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He argues there is a distinction between ‘dark’ and ‘darker’ tourism, that is, a greater notion of the macabre and the morose can exist between sites. Based upon the temporal dimension and spatial affinity with a site, Miles proposes there is a crucial difference between sites associated with death and suffering, and sites that
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are of death and suffering. Thus, according to Miles, the product (and experience) at the death camp site at Auschwitz-Birkenau is conceivably darker than the one at the US Holocaust Memorial Museum in Washington DC.
A DARK TOURISM SPECTRUM: PERCEIVED PRODUCT FEATURES OF DARK TOURISM WITHIN A ‘DARKEST-LIGHTEST’ FRAMEWORK OF SUPPLY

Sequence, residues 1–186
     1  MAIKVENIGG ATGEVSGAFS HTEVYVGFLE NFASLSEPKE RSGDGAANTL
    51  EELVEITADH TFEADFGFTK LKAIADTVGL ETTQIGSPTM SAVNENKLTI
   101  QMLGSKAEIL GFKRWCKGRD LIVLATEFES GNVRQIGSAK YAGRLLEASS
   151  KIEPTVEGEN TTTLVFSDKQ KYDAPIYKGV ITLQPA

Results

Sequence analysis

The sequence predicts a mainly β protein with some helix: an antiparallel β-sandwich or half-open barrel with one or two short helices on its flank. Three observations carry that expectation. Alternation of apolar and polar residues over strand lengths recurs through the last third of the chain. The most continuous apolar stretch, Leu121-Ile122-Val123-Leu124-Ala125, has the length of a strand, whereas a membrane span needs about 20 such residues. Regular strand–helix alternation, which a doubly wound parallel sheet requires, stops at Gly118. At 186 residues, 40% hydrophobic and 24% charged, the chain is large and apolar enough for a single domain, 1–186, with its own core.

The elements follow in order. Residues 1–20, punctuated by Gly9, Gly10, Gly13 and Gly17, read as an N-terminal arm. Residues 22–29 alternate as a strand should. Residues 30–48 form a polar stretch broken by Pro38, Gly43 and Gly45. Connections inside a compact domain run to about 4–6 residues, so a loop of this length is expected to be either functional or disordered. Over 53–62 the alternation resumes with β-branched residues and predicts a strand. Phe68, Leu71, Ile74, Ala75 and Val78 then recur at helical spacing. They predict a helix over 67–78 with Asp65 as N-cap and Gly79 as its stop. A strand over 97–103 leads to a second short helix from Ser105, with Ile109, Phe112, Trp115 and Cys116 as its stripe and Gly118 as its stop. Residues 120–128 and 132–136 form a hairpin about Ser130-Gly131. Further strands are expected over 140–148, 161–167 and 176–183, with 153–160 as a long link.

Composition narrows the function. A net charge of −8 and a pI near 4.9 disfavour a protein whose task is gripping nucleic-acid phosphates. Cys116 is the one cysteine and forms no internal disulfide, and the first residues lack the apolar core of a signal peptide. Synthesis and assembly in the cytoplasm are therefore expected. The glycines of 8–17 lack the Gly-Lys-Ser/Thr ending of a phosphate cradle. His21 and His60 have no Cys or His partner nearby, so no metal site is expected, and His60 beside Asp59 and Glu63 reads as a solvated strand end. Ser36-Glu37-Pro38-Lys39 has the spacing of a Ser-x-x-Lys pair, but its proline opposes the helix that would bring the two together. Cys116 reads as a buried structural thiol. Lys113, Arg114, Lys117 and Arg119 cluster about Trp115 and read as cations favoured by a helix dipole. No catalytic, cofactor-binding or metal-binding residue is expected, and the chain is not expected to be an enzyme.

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The main contention is that the US Holocaust Memorial Museum is merely associated with death, whilst Auschwitz-Birkenau is of death and possesses a crucial locational authenticity within its product design. Consequently, he suggests that dark touristic sites must engender a degree of empathy between the sightseer and the past victim (or product). This empathy, as maintained by Miles, is amplified through the spatial affinity in the dark tourism product design. In addition, he advocates the temporal dimension of dark sites will also add to the empathy of visitors, and thus important in how the product is perceived, produced and ultimately consumed. In particular, and supporting the notion of ‘chronological distance’, as outlined by Lennon and Foley (2000), Miles suggests that recent death and tragic events that may be transported in live memory through survivors or witnesses are perhaps ‘darker’ than other events that have descended into the distant past. Thus, those dark events which possess a shorter time frame to the present, and therefore can be validated by the living and which evokes a greater sense of empathy, are perhaps products which may be described as ‘darker’. In a similar vein, Sharpley (2005) suggests that, based upon differing intensities of purpose with respect to both the supply of and consumption of dark tourism, then different ‘shades’ of dark tourism may be identified. That is, dependent on both the degree of interest or fascination in death on the part of the tourist and on the extent to which an attraction or exhibition is developed in order to exploit that interest or fascination, different sites / experiences may be either ‘paler’ or ‘darker’. Thus, accordingly to Sharpley, darkest or black tourism occurs where a fascination with death is provided for by the purposeful supply of experiences intended to satisfy this fascination. He then suggests an example being the $65 per person ‘Flight 93 Tour’ to the Pennsylvania crash site of United Airlines 93 – one of the 9/11 hijacked aircraft – established and run by a local farmer (Bly 2003). However, whilst further practical examples of the ‘blackest’ form of tourism may be difficult to locate, it is suggested that supply which is non-purposeful, that is, the original intent of the site was not to attract visitors and as such provides a comparably limited tourism infrastructure (e.g. the sites of murder such as in Soham, UK) may be considered ‘darker’- a notion which supports Miles claim that a sites’ spatial affinity and ultimately ‘purposefulness’ may be correlated to perceived ‘darkness’ within the product design.